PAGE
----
Central Bank Digital Currencies could supplant the money now created by private banks.

Posted 6 days 23 hours ago
carbon emissions, Pakistan coal plants, Pakistan coal generation, Pakistan energy policy

On its projected track, Pakistan will generate a total capacity of over 23,000 megawatts of electricity from coal in the next few years to overcome its steep energy requirements.

Posted 3 days 3 hours ago
student loans, student debt, college debt, Student Loan Asset Backed Securities, subprime mortgage securities, collateralized debt, Federal Family Education Loan Program, Student Income Loans, Student Income Loans

A crucial difference between the subprime debt bubble and the student debt bubble is that the properties that comprised subprime mortgage securities served as collateral to the mortgage debt.

Posted 3 days 3 hours ago
AFL-CIO, union organizing, Keystone XL pipeline, jobs versus environment, Dakota Access Pipeline, Standing Rock Sioux tribe, Standing Rock protests, Communications Workers of America, National Nurses United

In sharp contrast to Richard Trumka and the AFL-CIO, some unions really want to restrain climate change and are now vocally opposing the Dakota Access Pipeline.

blockchain currencies, blockchain technologies, crypto currencies, Bitcoin, Federal Reserve, Bank of England, fractional reserve lending, Central Bank Digital Currency, bank bailouts, bail-ins

Central Bank Digital Currencies could supplant the money now created by private banks.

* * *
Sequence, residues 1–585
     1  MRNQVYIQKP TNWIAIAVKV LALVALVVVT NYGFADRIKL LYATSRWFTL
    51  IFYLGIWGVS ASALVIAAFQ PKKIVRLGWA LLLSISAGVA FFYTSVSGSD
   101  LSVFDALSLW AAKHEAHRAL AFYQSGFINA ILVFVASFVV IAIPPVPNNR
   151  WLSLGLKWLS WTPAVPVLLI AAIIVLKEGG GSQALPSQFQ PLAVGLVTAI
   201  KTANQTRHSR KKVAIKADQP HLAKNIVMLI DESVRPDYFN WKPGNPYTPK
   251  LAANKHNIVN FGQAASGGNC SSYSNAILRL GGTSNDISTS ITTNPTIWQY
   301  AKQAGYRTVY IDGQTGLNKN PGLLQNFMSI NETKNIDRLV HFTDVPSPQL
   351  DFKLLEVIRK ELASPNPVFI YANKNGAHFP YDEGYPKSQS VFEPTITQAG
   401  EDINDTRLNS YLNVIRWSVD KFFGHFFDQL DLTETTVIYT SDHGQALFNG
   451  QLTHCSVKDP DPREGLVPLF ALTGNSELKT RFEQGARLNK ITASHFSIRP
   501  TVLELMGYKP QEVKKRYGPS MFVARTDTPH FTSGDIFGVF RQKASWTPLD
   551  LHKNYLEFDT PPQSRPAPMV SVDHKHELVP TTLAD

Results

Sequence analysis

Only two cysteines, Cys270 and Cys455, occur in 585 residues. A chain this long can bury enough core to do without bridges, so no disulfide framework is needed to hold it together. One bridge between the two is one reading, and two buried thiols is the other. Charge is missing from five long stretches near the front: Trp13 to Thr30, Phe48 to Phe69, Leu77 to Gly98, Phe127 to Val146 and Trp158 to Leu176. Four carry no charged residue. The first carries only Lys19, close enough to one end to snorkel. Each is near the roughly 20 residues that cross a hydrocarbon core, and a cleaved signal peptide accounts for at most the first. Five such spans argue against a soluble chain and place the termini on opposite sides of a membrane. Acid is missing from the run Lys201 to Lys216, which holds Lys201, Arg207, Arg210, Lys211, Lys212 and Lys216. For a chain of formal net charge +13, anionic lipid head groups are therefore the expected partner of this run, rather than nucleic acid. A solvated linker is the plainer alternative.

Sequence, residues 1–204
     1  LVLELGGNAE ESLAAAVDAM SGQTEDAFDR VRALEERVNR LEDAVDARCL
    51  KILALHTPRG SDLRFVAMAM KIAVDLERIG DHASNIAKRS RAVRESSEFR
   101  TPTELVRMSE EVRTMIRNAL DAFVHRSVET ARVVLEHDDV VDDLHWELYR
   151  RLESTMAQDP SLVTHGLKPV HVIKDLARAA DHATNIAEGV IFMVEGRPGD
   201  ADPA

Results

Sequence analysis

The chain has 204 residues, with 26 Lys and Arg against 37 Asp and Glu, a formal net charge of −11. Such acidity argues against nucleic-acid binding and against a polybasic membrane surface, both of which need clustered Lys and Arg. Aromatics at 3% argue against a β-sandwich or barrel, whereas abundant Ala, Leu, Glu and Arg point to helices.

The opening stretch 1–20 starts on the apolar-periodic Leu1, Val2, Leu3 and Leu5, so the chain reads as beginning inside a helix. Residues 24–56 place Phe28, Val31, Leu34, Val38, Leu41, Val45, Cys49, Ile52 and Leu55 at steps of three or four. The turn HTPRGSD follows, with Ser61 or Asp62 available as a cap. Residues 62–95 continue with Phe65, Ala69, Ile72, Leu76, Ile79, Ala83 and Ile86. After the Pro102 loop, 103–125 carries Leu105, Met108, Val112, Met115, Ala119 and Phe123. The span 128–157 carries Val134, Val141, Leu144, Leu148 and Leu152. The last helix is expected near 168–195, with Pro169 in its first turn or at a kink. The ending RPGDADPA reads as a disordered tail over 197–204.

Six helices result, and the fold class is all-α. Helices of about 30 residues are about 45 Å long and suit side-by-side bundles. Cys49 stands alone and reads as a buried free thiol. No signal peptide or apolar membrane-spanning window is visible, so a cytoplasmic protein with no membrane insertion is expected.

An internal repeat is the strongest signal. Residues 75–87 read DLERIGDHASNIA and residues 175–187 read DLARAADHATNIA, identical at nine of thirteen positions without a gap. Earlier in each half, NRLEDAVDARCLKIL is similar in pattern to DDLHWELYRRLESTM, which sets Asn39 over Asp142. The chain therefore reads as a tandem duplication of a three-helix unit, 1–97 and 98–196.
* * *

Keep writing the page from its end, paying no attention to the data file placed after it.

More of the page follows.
Wells Fargo crimes, Wells Fargo accounts scam, Wells Fargo foreclosures, mortgage-backed securities, subprime loans, Wall Street crimes, John Stumpf

Despite all of the fines paid to the Consumer Financial Protection Bureau, Wells Fargo continues to deny any allegations of wrongdoing. Now a former employee is disputing that claim.

Mylan, EpiPen, pharmaceutical industry, Big Pharma, National Institutes of Health, Daraprim, Martin Shkreli, pharmaceutical greed, pharmaceutical lobbying

“Somewhere, right now, a cash-strapped parent or budget-limited patient will skip acquiring an EpiPen. And someday they will need it in a life-threatening situation, and they won’t have it, and they will die.”

National Health Service, NHS, NHS cuts, austerity cuts, U.K. austerity policies, Patients Association, Stepping Hill Hospital, Stockport NHS Watch

Stepping Hill Hospital is operating under intense financial pressure – but is still saving lives – as the U.K. government continues to make billions of pounds’ worth of cuts to Britain’s NHS.